Species group: Herding Group dogs
Other name(s): Smooth Collie; Smooth-coat Collie
The Smooth Collie is the short-haired version of the original Collie. Like other herding dogs developed in Scotland and Northern England, this dog is highly regarded for its intelligence, alertness, and loyalty. The desire to work and the ability to solve puzzles hasn't been bred out of this beautiful version of an old-time herder. As a result, you can expect a dog who is responsive and energetic, as well as beautiful. This is not the choice for someone who just wants a pretty pet to pose on a cushion.
Like other herding dogs developed in Scotland and Northern England, the Smooth Collie is highly regarded for its intelligence, alertness, and loyalty. The desire to work and the ability to solve puzzles hasn't been bred out of this beautiful version of an old-time herder. As a result, you can expect a dog who is responsive and energetic, as well as beautiful. This is not the choice for someone who just wants a pretty pet to pose on a cushion.
Is the Smooth Collie a true breed or just a variety of the Collie? It seems to depend on who you ask. In the US and Canada, the Collie is the breed, and the smooth and rough Collies are simply two varieties you may choose from. In the UK and Australia, the Smooth Collie may be accepted as a separate that should no longer be interbred with Rough Collies. However, the Kennel Club does point out that the two breeds separated so recently that there are probably no real differences between the two other than the coat. Which Collie you choose may be a simple matter of aesthetics.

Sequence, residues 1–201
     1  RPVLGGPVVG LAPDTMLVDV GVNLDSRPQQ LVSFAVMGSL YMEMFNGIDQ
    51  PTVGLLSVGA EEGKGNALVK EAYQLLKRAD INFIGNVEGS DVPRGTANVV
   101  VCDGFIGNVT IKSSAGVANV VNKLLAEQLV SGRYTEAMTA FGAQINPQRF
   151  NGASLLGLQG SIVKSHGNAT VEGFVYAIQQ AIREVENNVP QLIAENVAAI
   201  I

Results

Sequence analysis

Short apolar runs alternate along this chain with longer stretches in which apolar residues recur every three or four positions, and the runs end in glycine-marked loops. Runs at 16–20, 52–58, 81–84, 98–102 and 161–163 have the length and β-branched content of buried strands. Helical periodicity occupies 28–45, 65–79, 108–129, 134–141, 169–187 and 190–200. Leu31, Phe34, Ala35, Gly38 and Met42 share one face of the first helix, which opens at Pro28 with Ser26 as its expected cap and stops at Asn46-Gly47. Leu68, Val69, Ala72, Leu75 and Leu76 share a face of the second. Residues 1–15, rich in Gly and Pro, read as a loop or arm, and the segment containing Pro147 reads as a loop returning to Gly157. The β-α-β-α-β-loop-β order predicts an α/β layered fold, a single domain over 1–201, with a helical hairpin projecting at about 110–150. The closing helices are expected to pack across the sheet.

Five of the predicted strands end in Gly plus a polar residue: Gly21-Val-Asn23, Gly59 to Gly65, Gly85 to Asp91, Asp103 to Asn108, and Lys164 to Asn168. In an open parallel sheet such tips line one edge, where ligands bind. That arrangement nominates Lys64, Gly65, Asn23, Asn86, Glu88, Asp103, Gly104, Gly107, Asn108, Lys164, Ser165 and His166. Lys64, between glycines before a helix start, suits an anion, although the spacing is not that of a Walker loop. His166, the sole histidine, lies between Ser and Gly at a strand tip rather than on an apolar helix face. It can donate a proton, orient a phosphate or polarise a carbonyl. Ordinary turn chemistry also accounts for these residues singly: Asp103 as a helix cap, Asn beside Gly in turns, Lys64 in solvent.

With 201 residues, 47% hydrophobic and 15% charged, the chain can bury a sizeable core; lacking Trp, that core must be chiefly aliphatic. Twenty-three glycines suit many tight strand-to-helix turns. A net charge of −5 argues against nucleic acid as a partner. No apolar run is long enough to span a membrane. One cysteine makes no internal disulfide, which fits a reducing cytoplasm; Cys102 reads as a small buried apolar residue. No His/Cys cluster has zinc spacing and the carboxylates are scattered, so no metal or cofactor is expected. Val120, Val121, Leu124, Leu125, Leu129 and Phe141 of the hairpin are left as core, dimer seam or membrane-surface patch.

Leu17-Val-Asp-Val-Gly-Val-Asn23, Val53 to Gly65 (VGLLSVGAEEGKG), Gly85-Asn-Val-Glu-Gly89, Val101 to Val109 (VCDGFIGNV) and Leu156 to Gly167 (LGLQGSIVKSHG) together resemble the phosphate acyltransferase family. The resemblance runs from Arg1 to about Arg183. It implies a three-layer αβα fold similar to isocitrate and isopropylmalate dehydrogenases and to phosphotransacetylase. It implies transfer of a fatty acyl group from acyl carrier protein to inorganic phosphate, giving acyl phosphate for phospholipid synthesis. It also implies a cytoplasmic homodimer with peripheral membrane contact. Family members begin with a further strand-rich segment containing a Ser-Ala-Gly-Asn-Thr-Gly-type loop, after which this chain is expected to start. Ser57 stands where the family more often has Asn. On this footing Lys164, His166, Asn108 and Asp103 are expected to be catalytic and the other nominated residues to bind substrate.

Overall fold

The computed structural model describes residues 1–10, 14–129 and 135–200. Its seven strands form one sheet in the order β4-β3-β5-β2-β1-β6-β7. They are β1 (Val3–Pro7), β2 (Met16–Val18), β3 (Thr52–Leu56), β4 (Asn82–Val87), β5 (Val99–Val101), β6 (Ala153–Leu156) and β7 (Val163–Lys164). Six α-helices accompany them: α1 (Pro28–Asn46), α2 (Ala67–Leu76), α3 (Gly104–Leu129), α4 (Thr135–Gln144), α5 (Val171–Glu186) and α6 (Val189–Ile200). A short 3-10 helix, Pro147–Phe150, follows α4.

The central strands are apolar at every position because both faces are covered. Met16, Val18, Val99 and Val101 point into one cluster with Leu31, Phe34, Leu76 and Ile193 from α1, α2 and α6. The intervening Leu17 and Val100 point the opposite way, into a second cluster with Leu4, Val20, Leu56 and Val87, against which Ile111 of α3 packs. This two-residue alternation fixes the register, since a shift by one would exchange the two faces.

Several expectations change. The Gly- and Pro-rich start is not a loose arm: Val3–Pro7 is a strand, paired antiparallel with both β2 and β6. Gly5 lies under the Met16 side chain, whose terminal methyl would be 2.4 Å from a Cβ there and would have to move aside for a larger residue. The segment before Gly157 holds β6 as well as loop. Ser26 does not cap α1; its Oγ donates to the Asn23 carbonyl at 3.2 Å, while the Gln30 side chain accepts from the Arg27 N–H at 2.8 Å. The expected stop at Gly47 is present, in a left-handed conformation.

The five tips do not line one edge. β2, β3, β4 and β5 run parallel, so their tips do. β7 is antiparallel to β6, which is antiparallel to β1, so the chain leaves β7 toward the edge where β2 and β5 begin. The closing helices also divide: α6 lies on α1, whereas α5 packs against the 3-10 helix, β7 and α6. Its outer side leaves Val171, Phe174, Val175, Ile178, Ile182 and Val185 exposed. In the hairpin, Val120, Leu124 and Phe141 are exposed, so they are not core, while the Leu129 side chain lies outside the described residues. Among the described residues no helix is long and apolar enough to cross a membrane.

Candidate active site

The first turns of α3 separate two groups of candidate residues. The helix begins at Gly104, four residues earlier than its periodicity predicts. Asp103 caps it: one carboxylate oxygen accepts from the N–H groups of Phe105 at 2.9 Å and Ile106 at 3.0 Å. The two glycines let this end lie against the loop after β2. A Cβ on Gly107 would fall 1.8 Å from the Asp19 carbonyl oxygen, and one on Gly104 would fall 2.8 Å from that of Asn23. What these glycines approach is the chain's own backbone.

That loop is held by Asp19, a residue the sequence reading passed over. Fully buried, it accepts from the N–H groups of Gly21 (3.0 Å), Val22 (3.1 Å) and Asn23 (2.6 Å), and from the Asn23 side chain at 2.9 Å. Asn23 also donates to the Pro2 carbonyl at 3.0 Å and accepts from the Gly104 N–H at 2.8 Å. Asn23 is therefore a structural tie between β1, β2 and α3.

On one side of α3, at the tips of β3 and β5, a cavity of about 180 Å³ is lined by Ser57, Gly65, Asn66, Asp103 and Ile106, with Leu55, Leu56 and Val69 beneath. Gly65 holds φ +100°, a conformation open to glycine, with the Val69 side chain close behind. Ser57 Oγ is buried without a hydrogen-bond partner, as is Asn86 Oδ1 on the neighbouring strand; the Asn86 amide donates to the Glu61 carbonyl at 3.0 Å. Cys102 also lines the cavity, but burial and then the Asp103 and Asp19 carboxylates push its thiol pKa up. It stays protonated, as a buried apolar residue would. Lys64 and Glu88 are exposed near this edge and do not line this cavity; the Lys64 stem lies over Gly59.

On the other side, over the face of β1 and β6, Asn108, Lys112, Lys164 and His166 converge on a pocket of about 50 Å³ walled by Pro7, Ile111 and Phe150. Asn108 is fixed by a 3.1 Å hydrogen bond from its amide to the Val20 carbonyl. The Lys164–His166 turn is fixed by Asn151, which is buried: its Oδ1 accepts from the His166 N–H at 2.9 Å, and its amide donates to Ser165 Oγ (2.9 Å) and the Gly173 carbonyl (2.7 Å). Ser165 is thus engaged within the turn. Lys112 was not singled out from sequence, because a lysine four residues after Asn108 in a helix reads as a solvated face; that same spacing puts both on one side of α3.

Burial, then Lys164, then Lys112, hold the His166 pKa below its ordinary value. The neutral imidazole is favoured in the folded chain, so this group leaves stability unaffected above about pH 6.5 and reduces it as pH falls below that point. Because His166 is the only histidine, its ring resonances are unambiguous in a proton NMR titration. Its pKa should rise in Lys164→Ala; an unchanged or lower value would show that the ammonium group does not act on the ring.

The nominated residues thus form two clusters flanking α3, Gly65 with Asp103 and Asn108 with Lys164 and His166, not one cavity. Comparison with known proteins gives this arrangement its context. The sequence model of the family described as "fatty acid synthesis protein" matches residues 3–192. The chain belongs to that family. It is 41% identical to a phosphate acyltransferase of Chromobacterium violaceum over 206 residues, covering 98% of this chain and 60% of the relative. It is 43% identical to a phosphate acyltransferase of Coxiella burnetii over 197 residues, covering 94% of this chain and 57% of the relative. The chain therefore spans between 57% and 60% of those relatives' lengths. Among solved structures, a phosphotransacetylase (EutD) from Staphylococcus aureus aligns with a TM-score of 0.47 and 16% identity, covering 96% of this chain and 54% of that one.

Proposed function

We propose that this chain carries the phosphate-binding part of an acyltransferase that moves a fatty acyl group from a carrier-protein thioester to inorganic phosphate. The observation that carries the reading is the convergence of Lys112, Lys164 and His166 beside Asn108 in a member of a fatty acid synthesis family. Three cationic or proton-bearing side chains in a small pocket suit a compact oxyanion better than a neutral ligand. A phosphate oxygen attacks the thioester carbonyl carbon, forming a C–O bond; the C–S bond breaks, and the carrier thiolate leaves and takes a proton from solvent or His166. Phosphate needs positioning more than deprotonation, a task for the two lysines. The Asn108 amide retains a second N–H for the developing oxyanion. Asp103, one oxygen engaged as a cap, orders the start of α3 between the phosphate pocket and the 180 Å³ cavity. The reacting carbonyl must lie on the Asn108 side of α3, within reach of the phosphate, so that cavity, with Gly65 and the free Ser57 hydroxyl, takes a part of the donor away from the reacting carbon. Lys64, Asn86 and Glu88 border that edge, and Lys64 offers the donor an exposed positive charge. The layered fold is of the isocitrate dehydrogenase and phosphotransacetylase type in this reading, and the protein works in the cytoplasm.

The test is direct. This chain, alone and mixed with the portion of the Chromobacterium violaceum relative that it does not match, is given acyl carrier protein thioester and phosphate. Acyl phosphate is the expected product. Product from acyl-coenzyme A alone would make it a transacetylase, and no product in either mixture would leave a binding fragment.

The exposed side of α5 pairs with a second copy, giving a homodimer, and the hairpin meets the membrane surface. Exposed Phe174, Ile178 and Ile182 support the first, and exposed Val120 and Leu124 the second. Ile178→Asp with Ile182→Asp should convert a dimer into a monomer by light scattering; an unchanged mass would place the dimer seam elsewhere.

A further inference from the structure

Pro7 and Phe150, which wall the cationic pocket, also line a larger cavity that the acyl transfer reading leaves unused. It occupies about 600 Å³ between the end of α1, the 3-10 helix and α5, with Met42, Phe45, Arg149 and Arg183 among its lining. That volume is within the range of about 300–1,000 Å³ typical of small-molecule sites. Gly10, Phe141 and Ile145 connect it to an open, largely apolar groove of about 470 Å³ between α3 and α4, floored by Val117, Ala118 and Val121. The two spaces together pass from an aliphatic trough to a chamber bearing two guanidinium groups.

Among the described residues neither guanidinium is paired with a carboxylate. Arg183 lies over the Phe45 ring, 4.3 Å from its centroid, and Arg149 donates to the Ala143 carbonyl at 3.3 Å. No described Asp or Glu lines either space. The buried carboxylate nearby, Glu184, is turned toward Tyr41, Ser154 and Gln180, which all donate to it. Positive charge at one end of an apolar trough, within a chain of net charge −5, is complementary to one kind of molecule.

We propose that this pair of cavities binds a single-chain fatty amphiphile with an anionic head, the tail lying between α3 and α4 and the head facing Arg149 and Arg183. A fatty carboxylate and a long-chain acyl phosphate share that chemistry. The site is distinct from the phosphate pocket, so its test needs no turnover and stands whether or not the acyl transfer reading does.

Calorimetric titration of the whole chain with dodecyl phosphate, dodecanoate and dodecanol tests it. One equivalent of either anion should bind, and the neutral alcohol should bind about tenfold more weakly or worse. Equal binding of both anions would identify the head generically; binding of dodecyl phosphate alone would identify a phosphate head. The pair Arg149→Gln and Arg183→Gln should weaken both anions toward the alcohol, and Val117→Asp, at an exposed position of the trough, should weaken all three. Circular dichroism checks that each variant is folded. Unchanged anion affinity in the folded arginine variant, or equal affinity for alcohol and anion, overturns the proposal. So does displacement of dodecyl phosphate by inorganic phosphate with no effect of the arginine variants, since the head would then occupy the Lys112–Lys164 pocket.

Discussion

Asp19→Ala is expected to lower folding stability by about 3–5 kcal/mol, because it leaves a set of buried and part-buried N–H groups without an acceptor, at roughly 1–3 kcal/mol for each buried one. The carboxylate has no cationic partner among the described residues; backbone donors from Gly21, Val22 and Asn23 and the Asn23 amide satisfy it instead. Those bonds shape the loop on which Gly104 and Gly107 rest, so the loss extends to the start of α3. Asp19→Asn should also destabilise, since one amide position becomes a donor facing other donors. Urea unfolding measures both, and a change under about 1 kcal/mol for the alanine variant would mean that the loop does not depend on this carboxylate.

Be aware that a responsive, intelligent dog like the Smooth Collie can be sensitive. Gentle guidance is important. Get training if you are unsure of how to work with your pet using verbal commands.
Appearance / health:
The Smooth Collie is a graceful, slender dog with great strength and elegance. The head is in the form of a blunt wedge, and tapers gradually from the ears to the black nose. The medium-sized eyes are almond shaped and neither too large nor prominent. The ears are semi-erect with one-fourth of the ear tipping forward. The neck is firm and muscular. The length of the muscular body is slightly more than the height.
Collies require regular brushing. They shed heavily twice a year. A thorough brushing down once a week may take care of mats and tangles. Smooth Collies have a short double coat that requires minimal grooming; brushing with a steel brush is sufficient to remove any loose hair.
Collies are very energetic and become easily bored if left alone for long durations. They require a lot of exercise to remain fit and healthy. They love to run long distances.
There are a few health issues which can affect Collies. They include: Collie Eye Anomaly (CEA), an inherited eye disease; autoimmune disorders such as discoid lupus (aka "collie nose"); dermatomyositis and colitis of various types including inflammatory bowel disease; and bloat and torsion (gastrodilation-volvulus). Collies also carry a mutation known as MDR1 (75% of Collies are affected in some way) that causes them to be hypersensitive to certain drugs and medications. Ivermectin and other anti-helminths can be fatal at normal therapeutic doses, but there is a genetic test now so you can find out your collie's drug sensitivity status. All of these problems have a genetic basis and can be minimized by responsible breeding practices, so puppy buyers should look for reputable breeders.